(Alsop et al.,2000;Mani et al.,1997;Ye et al.,2000).This
approach,however,reduces the sensitivity of the BOLD
estimates.Nonsubtractive methods using background suppression
have also been reported (Blamire and Styles,2000;Duyn et al.,
2001),but the quantification of the perfusion estimates from these
methods is difficult.
In order to determine the degree of BOLD contamination of the
perfusion estimate,it is useful to expand the perfusion estimate in
Eq.(3) as the sum qˆ [n] = q
q
[n] + q
b
[n] + q
e
[n],where
q
q
n½  ¼ ab n½ q n½ e
TI=T
1B
 
4
g n½  ð7Þ
is a BOLD-weighted,low-pass-filtered perfusion component,
q
b
n½  ¼ b n½  s
M
M n½  þs
q
q n½ 
 
1ð Þ
n þ 1
4
g n½ 
h
ð8Þ
is the sum of BOLD-weighted static tissue and perfusion
components that are modulated and low pass filtered,and
q
e
n½  ¼ 1ð Þ
n þ 1
e n½ 
i
4
g n½ 
h
ð9Þ
is the output noise component.For most perfusion fMRI experi-
ments,it is reasonable to approximate the in-slice magnetization as
a constant term M[n]
˜
˜
M
0
.With this approximation,Eq.(8) may
be further simplified by recalling that the BOLD weighting may be
written as the sumb[n] = b
0
+ Db[n] of a constant termand a time-
varying term.The low pass filter will eliminate any constant terms
that undergo modulation,yielding
q
b
n½ 
c
1ð Þ
n þ 1
s
M
Db n½ M
0
þb n½ s
q
q n½ 

4
g n½ 

ð10Þ
Eqs.(7) and (10) show that there are two components of the
BOLD contamination of the perfusion time series.The first
component appears in the BOLD weighting of the q
q
[n] term in
Eq.(7).This BOLD weighting is inherent in the measurement
and cannot be reduced by filtering.However,it can be
minimized by the use of acquisition schemes,such as the short
echo-time single shot spiral acquisition discussed above.The
second BOLD contamination component is the modulated
BOLD-weighted static tissue term (1)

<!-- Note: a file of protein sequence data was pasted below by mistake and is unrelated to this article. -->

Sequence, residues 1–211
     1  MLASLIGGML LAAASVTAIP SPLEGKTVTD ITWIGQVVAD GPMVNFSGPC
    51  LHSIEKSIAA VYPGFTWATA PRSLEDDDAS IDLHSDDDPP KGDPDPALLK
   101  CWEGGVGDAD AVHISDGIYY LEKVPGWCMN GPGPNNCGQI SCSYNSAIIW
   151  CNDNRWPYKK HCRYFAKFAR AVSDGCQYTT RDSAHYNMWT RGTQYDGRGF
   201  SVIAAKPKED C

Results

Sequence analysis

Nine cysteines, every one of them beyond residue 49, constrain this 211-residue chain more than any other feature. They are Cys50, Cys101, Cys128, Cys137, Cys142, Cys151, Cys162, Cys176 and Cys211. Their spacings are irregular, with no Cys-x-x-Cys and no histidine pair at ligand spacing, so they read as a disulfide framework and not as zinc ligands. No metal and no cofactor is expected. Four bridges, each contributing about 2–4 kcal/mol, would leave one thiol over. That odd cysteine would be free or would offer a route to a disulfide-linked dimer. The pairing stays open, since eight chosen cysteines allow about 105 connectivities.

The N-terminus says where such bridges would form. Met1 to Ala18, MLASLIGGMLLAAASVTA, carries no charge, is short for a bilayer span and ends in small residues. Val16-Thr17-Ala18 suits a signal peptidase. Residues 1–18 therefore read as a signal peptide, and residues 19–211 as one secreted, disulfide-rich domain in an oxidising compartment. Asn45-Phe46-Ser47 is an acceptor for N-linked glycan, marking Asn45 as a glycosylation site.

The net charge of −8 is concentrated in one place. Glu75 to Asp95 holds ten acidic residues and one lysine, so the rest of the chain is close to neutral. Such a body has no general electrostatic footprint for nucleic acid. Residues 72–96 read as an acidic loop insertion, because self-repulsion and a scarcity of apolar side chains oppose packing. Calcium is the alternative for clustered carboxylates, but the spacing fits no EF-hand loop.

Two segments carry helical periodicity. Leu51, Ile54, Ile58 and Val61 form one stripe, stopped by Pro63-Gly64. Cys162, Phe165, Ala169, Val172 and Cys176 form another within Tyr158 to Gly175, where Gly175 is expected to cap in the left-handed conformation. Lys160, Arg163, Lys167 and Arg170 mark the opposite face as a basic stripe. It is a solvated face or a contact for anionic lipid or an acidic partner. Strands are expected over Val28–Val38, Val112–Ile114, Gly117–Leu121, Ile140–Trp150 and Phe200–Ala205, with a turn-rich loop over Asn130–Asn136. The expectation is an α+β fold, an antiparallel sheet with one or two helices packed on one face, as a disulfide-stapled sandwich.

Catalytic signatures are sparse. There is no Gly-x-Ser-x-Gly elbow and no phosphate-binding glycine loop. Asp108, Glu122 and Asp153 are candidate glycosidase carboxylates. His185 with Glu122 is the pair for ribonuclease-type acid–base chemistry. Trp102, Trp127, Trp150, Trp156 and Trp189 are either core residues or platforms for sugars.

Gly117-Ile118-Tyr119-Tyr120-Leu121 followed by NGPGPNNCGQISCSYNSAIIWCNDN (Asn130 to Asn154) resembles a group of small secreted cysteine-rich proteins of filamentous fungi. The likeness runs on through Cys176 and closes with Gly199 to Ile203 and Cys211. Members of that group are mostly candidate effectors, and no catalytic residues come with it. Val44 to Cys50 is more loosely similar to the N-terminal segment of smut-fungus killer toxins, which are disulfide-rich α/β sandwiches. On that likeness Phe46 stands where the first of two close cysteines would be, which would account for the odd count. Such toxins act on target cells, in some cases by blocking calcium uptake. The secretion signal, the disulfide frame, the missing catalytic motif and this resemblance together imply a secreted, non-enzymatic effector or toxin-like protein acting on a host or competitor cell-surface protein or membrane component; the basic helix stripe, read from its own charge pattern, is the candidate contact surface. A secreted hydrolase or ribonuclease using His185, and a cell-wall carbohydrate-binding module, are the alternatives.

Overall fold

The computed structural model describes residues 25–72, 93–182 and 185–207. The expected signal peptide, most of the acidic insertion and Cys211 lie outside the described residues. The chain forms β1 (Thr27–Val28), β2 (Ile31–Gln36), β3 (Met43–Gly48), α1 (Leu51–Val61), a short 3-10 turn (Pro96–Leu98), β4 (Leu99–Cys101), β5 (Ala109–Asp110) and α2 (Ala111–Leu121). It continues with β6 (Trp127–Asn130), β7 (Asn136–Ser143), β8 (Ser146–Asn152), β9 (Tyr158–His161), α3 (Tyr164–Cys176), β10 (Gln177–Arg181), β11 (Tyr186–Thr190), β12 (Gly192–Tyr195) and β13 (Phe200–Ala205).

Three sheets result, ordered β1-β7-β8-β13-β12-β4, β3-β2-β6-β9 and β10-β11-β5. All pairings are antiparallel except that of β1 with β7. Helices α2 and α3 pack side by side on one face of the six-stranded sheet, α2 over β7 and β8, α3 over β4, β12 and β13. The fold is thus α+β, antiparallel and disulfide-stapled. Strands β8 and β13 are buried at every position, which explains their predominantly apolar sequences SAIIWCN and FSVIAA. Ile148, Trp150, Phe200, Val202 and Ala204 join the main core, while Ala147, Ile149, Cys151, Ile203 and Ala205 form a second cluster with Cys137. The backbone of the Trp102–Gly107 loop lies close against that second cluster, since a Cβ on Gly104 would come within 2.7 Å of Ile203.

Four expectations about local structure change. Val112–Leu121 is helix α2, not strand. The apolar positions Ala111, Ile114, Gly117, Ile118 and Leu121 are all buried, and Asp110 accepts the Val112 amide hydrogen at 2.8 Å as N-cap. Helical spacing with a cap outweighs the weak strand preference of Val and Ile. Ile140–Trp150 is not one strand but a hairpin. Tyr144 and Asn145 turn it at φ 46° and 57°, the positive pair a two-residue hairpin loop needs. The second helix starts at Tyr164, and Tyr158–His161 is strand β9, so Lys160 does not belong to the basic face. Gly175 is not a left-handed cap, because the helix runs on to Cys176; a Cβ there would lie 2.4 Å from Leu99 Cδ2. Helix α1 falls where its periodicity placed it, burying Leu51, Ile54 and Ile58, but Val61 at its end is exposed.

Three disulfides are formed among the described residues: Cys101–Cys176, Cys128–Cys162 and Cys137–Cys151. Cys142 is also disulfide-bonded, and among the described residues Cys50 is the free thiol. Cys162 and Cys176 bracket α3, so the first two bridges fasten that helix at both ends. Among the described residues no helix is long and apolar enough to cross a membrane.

n + 1
s
M
Db[n]M
0
in Eq.
(10).This is a spurious component that can be attenuated by the
low pass filter g[n].In addition,the modulated and BOLD-
weighted perfusion term (1)
n + 1
b[n]s
q
q[n] in Eq.(10) forms a
second spurious component.A key goal of the low pass filter g[n]
is to minimize both these spurious components.
To gain a sense of the filter attenuation that is required,it is
useful to consider the magnitudes of the spurious components prior
to filtering.These are defined as M
b
= |s
M
Db[n]M
0
| and M
qm
=
|s
q
b[n]q[n]| for the BOLD and perfusion spurious components,
respectively.Normalizing these terms by the magnitude M
q
=
|ab[n]q[n]e
TI/T
1B
| of the unfiltered perfusion component in Eq.(7)
yields the relative magnitudes
M
b
=M
q
c
s
M
exp TI=T
1B
ð Þ
M
0
TEjDR
2
4
n
½ j
= ajq n
½ jð Þ
ð11Þ
M
qm
=M
q
¼ s
q
exp TI=T
1B
ð Þ=a;ð12Þ
where the first order approximation Db[n]/b[n]
c
DR
2
*
[n]TE
has been used.With typical experimental parameters of a = b =
1,TI = TI
p
= 1400 ms,and representative physiological
parameters T
1B
= 1300 ms,T
1
= 1000 ms,a cerebral blood
flow (CBF) of 60 ml/(100 g min) corresponding to q[n]
c
0.01M
0
,and a 1% BOLD change corresponding to TEjDR
2
*
[n]j =
0.01 (i.e.,DBOLD (%) = 100jDR
2
*
[n]jTE),the relative magni-
tudes are M
b
/M
q
= 2.1 and M
qm
/M
q
= 1.9.Thus,with these
assumed parameters,the relative magnitudes of the spurious
components are almost the same.An upper bound on the relative
magnitude of the sum of spurious components can be obtained
from the sum of the relative magnitudes,with equality of the
sums if the spurious components have the same sign.For the
example given,the sum of relative magnitudes is 4.This means
that if the spurious components are attenuated to 1% of their
value by the low pass filter,the filtered sum of spurious
components will be roughly 4% of the desired perfusion
component.
As evident from Eq.(11),the relative magnitude of the BOLD
spurious component M
b
/M
q
can be reduced either by using a
shorter echo time TE or by using background suppression to
reduce M
0
.In addition,for a given TE,the relative magnitude
depends on spatial and temporal variations of jDR
2
*
[n]j.Relative